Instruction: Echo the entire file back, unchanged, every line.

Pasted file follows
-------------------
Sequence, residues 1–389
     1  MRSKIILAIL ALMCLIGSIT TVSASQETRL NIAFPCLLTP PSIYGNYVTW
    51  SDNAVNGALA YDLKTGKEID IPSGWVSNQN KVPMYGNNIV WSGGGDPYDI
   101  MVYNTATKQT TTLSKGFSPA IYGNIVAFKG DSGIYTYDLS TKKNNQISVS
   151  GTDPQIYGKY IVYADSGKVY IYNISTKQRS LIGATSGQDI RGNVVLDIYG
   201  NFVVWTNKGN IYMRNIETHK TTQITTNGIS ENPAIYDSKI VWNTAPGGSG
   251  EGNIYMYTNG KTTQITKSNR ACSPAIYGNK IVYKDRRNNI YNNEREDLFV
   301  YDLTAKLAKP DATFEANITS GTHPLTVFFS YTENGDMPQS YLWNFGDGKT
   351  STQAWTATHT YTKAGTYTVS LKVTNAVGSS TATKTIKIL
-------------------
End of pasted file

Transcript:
Sequence, residues 1–389
     1  MRSKIILAIL ALMCLIGSIT TVSASQETRL NIAFPCLLTP PSIYGNYVTW
    51  SDNAVNGALA YDLKTGKEID IPSGWVSNQN KVPMYGNNIV WSGGGDPYDI
   101  MVYNTATKQT TTLSKGFSPA IYGNIVAFKG DSGIYTYDLS TKKNNQISVS
   151  GTDPQIYGKY IVYADSGKVY IYNISTKQRS LIGATSGQDI RGNVVLDIYG
   201  NFVVWTNKGN IYMRNIETHK TTQITTNGIS ENPAIYDSKI VWNTAPGGSG
   251  EGNIYMYTNG KTTQITKSNR ACSPAIYGNK IVYKDRRNNI YNNEREDLFV
   301  YDLTAKLAKP DATFEANITS GTHPLTVFFS YTENGDMPQS YLWNFGDGKT
   351  STQAWTATHT YTKAGTYTVS LKVTNAVGSS TATKTIKIL